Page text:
Africa|Export|Financial|Risk Management|Storage|System|Technology
Africa|Export|Financial|Risk Management|Storage|System|Technology

Citrus growers call for urgent WTO intervention to ensure oranges can be exported to EU

1st February 2023

By: Schalk Burger

Creamer Media Senior Deputy Editor


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Industry organisation the Citrus Growers Association of South Africa (CGA) has called on global body the World Trade Organisation (WTO) to urgently establish a panel to adjudicate on the False Coddling Moth (FCM) regime governing the importation of South African oranges to the European Union (EU).

CGA has written to Trade, Industry and Competition Minister Ebrahim Patel to call for the establishment of the WTO panel, because, if the issue is not resolved before the 2023 export season starts, growers could face hundreds of millions of rands in losses, putting the future sustainability of the entire industry at risk, says CGA CEO Justin Chadwick.

The call follows after a stalemate was reached between the South African government and the EU after the Department of Trade, Industry and Competition (DTIC) lodged a dispute at the WTO in July. Consultations since then have not made any progress.

“The CGA is unmoved in its view that the cold treatment prescribed within the new regulations is contrary to scientific evidence, making it an arbitrary and unnecessarily trade restrictive measure and, accordingly, contravenes international requirements for such phytosanitary trade regulations.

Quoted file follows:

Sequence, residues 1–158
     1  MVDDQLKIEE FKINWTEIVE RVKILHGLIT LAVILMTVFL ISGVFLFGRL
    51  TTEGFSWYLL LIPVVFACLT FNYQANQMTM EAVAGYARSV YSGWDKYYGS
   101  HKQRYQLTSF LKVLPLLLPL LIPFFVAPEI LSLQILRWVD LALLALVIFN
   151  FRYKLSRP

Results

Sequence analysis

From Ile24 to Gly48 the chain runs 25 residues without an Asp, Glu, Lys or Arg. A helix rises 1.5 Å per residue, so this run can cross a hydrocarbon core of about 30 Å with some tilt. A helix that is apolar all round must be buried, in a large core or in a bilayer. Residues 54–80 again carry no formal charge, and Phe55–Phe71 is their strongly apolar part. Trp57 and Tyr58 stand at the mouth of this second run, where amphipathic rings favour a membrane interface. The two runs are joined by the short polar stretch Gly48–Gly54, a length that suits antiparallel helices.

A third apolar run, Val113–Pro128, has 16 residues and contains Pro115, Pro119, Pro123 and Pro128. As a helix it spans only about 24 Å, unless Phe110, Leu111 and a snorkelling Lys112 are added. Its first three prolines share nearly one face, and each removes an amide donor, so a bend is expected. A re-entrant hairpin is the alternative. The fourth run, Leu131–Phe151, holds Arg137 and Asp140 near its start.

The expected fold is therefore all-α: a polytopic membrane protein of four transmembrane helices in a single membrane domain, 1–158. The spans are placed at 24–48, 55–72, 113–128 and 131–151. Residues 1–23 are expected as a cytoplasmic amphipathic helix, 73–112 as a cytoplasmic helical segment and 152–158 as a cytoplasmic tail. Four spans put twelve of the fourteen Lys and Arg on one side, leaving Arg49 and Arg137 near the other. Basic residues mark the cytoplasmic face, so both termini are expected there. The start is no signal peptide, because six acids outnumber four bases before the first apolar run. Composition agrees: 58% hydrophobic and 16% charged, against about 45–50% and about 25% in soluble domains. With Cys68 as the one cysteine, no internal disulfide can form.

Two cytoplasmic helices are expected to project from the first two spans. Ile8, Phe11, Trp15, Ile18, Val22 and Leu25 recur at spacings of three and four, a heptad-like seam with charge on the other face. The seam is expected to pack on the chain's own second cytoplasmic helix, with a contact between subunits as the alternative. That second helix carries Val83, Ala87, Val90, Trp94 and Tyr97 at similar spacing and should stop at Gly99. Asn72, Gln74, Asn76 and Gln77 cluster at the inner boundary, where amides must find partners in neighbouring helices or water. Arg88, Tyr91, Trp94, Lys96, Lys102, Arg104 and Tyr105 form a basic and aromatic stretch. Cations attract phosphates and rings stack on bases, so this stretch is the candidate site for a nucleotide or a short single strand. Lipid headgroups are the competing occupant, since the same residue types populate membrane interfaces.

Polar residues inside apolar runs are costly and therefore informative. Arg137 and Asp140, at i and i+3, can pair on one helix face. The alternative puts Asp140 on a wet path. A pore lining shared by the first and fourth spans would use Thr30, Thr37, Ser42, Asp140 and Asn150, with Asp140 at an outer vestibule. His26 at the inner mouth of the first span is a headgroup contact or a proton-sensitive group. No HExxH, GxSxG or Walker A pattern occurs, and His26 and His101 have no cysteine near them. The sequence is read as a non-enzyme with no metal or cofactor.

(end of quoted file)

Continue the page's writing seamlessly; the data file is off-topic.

The CGA says that, while the South African government has presented clear evidence during the consultation process that the country’s existing and stringent FCM risk management system already ensures that 99.9% of oranges entering the EU are pest free, with only 2 FCM interceptions detected in the more than 350 000 t of oranges shipped to the region in 2022, there has been no progress when it comes to reaching mutually agreed concessions on the new regulations.

“We understand the matter was also raised during last week’s high-level engagements between senior EU and South African government officials with no positive outcome. It is, therefore, clear that political intervention at a ministerial level is required in order to ensure the major threat that the new regulations pose to the upcoming 2023 citrus season is resolved as a matter of priority,” says Chadwick.

“With the export of oranges starting in May, we still have a short window to rescue this serious situation. We have, therefore, written to Patel with an urgent appeal to call for the establishment of a WTO p=Panel to adjudicate on the matter.

“The CGA believes that convening a WTO Panel is the only option to put a stop to what is clearly nothing more than a politically motivated move by unions within the Spanish citrus industry to decimate the businesses of thousands of South African growers and the livelihoods they support.”

The untimely introduction of the FCM regime has already added more than R200-million in additional costs to the citrus industry in 2022, with the expected financial consequences set to increase further this year, he notes.

A recent study conducted by the Bureau for Food and Agricultural Policy estimates that, should EU authorities continue to enforce the new regulation, additional costs and loss of income will amount to more than R500-million in 2023, while an investment in cold storage technology and capacity of nearly R1.4-billion will be required to enable full compliance.

This poses a major threat to the future sustainability and profitability of the industry that sustains more than 140 000 jobs and brings in R30-billion in export revenue a year, Chadwick says.

“The local industry remains committed to continue working with all government and industry stakeholders to address this issue with the urgency it requires, and is grateful for support received from the DTIC and the Department of Agriculture, Land Reform and Rural Development to date,” he adds.

Edited by Chanel de Bruyn
Creamer Media Senior Deputy Editor Online



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